I've been thinking about industry trends a lot recently. The secret to a successful business is about either getting into fads early enough and leaving at the peak or just ignoring them altogether and concentrating on non-glamours products that everybody needs. I've been chatting with others about fads in chocolate. Are chocolate pizzas a fad? Is bean to bar a fad? Will single origin chocolate still be in as much demand in the years to come as it is now? How much money can you even make and sell compared mass-market chocolate?
Currently 'artisan chocolate' - which we all know mostly isn't, is demanded at least four times as much by consumers than bean-to-bar - if Google's trends data is to be trusted:
It appears that hardly anybody searches for 'single origin chocolate', while relatively few search for 'bean to bar chocolate'. However, there is a striking similarity between the volumes of people searching for 'artisan chocolate' and 'handmade chocolate'. It would seem, that despite our best efforts to promote the making of chocolate from the bean by skilled craftspeople, the general public is hardly more aware of this type of chocolate than they were in 2012.
I hear of chocolatiers, with little overt branding, ordering tonnes of couverture from suppliers every few weeks. I know of chocolate makers trying the industry out and giving up after a few months. I know of established, award-winning chocolate makers struggling. Of course, there are many chocolatiers finding things hard too.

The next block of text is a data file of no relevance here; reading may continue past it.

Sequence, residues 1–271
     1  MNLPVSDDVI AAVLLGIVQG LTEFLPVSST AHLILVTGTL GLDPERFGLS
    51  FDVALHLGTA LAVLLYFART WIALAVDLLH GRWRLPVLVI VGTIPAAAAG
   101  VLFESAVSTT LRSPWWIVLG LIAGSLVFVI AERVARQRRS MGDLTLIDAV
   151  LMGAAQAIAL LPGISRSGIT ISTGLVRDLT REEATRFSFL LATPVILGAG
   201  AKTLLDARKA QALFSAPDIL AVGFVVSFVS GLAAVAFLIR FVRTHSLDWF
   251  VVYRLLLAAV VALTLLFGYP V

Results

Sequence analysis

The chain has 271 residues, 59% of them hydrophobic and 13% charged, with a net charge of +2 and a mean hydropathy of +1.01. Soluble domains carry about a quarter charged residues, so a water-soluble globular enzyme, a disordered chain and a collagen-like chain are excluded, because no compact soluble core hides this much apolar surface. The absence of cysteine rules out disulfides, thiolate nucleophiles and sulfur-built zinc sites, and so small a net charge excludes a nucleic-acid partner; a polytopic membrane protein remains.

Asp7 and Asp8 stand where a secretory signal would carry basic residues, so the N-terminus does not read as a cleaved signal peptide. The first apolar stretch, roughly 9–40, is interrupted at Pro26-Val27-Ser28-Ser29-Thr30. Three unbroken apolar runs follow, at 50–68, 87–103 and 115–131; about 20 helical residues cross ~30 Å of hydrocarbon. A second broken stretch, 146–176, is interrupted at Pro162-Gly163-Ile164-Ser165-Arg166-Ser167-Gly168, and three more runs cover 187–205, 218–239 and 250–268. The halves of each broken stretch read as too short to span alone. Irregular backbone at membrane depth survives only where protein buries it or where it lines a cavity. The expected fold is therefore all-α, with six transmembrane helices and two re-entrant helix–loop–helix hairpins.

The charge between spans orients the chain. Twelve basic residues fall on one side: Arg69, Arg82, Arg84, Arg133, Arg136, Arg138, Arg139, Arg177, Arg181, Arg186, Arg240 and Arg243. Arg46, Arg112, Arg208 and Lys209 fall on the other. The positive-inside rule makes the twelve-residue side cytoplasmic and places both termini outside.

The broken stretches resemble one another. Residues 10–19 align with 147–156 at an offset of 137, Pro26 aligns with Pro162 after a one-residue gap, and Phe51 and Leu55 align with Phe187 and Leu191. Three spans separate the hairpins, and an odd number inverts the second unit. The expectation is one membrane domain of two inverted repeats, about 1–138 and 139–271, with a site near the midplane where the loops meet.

The point is straightforward. It's not a case of chocolate maker > chocolatier, or the other way around. Being one or the other isn't a determinant of success. To be honest, currently it's not even a case of talent or graft. It simply is a case of creating what enough people want and ensuring they know you have it. Whether that be chocolate pizzas, couverture chocolate with interesting ingredients, or whatever. It is then the wider industry's responsibility to create demand for the products we know are ethically sound, ecologically sustainable and gastronomically exciting.
I've seen very average chocolate makers become overnight success stories because of great marketing. Past success has been a case of latching onto a trend and target audience and milk them. A softer way of looking at this is to 'build a loyal customer base'.
People, still, today lump all 'melters' (people who turn ready-made couveture into chocolate bars) into one category. Some take great care with the couverture they use, add fine ingredients and communicate about origins effectively. But there are still many that make a good living churning out chocolate with little regard for ethics or sustainability. The problem is, it still pays to do that.
So if you're determined to be a bean to bar chocolate maker with a lot of cash to burn then jump straight into making chocolate from the bean. But I would suggest that you try product couverture chocolate too, just tell people you do. Spend some time working out what people actually want and use the profits from couverture chocolate to reinvest in machinery and training to grow your bean to bar business.
Our goal is a sustainable bean to bar industry. With current demand relatively small compared to couverture chocolate, it makes sense that we try and grow the supply at a reasonable rate so that demand will eventually catch up. What we don't need is everybody to 'put all their eggs' into bean to bar, simultaneously fail and then we're left with a handful of makers. Others will always enter the market, but everyone in the industry needs to make sure that ethically made, small scale, unique chocolate continues to be made by as wide a number of people as possible.
Consumers deserve choice, growers need a wide pool of buyers and we absolutely make sure bean to bar doesn't become just another fad.